After setting up the networks and passwords, it was time to access the privacy features. First, I started up Tor. Once I clicked on the screen, the PRO immediately started connecting to it.
Unfortunately, my first connection attempt took a while. Though the manual said it would take three to five minutes, it really took more than 20. But once I was connected, everything ran smoothly. I was also happy to see the second connection attempt was almost instantaneous.
The PRO allowed me to use any browser I wanted to surf the deep web, a definite plus. I did not need to download the Tor browser in order to access .onion sites. Instead, I could use any browser I wanted, from Google Chrome to Firefox.
If I wanted to have some friends join me, Burwell said anyone could join my network and have Tor access too. Since the PRO is a router, multiple people can connect at the same time and use Tor’s capabilities.
"If you happen to be on a phone or a friend’s computer, or a work computer, you don’t have to download and configure. You just have to connect to the Anonabox network and make sure that it is running Tor appropriately and then you are connected," said Burwell
Connecting to both VPN services was far faster. After entering both codes and creating accounts, I was able to utilize both VPNs with no issues.
My only negative experience with the PRO was the spotty internet connection, and it was never particularly clear why. Connectivity would always come back, but it was frustrating to have to wait.
Spotty connection aside, and after all of the setup, I finally accessed the deep web. There are a lot of .onion links, and some of the directories can take you to some weird places. They also all look like they were created in 1999, in case you were curious.
I visited a few search engines, and listened to a radio station where I heard a great jazz rendition of “God Rest Ye Merry Gentlemen.” Internet speed was never a problem, and normal websites ran fine as well.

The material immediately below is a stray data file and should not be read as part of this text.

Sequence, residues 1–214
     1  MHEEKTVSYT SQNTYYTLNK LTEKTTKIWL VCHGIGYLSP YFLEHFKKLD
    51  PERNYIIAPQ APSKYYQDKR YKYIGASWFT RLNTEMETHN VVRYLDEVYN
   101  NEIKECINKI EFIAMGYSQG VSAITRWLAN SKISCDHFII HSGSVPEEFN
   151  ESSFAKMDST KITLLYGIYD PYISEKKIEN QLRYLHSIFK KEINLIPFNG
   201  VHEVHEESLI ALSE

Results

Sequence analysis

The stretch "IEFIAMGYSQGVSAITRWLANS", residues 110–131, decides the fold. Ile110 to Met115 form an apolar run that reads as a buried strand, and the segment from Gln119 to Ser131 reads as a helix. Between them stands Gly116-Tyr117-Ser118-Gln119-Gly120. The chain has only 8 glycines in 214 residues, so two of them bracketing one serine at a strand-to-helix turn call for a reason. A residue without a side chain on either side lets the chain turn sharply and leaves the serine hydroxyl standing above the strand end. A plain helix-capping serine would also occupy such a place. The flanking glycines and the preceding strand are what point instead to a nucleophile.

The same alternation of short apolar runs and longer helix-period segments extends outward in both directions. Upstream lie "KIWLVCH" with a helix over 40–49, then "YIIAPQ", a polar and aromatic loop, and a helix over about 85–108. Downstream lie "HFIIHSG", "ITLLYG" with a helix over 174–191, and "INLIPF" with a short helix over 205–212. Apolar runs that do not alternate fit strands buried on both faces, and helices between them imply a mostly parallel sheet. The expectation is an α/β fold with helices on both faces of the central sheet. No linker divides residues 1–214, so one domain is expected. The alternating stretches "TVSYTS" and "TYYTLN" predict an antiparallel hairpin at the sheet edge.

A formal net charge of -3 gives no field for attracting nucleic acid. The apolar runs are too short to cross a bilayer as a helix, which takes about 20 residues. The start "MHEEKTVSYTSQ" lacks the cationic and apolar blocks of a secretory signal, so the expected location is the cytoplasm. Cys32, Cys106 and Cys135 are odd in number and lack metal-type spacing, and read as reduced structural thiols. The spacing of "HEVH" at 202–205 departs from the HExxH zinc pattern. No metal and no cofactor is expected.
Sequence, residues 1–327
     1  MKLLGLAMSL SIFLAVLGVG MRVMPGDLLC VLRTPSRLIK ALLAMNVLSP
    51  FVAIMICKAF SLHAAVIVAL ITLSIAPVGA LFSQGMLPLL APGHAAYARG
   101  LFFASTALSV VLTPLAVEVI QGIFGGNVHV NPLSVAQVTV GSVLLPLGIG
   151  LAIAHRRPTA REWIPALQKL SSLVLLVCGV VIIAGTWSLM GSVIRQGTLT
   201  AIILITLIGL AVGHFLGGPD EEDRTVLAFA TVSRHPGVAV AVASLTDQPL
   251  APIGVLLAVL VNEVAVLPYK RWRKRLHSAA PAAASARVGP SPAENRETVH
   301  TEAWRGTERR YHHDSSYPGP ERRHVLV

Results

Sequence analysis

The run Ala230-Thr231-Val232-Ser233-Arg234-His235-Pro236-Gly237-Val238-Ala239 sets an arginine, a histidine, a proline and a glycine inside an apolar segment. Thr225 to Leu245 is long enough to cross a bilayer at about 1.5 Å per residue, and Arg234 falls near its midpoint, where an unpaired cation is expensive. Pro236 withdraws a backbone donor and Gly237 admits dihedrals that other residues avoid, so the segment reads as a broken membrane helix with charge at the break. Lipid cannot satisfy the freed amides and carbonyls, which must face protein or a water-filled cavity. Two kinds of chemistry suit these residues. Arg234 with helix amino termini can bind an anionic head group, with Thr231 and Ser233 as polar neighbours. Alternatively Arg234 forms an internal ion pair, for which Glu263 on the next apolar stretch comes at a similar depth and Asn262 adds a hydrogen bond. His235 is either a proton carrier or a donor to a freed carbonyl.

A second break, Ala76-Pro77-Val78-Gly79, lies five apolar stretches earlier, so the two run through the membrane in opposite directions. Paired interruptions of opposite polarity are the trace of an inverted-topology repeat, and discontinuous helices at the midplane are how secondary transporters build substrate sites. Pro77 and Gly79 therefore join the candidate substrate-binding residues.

The manual offers a few resources to see where your IP address is currently located. I found the PRO rerouted me all the way to a picturesque area in Norway. A far cry from New Hampshire.
Overall, my experience with the Anonabox PRO, outside of some initial connection issues, was positive. Once I finally got through the setup, I was able to painlessly surf the internet. As a first-time explorer of the deep web, I felt my voyages were secure. It is certainly a good product for those taking their first steps into internet privacy.
As for the future of the PRO, Burwell said new firmware is in the works. Burwell said updates are ongoing, but are updated irregularly. Updates will include security patches, usability fixes, new features, and partnerships. Burwell said the device does not feature a back door, so users will have to update the firmware manually, and any potential updates are listed on the Anonabox website. The company is also looking at ad-blocking features.
“We are always trying to stay up-to-date from a security perspective, so if we see any changes in the environment, we will obviously be working to fix that,” said Burwell. “We are always looking to work with people within the industry, and within the privacy and security sectors in general. I think we are all in the same fight about going after and protecting freedom of speech.”
Though the Anonabox may be geared more toward the privacy advocate in the home and dorm room, there may well be a place for it in the enterprise as well. Burwell said it could also be used by anyone concerned with privacy. So that could mean it could be used at high-level meetings within the enterprise, or by employees who often depend on hotel or public Wi-Fi while on the road for business.
For me, it was an interesting journey surfing the deep web. For businesses, it could be another tool to minimize exposure and bolster security.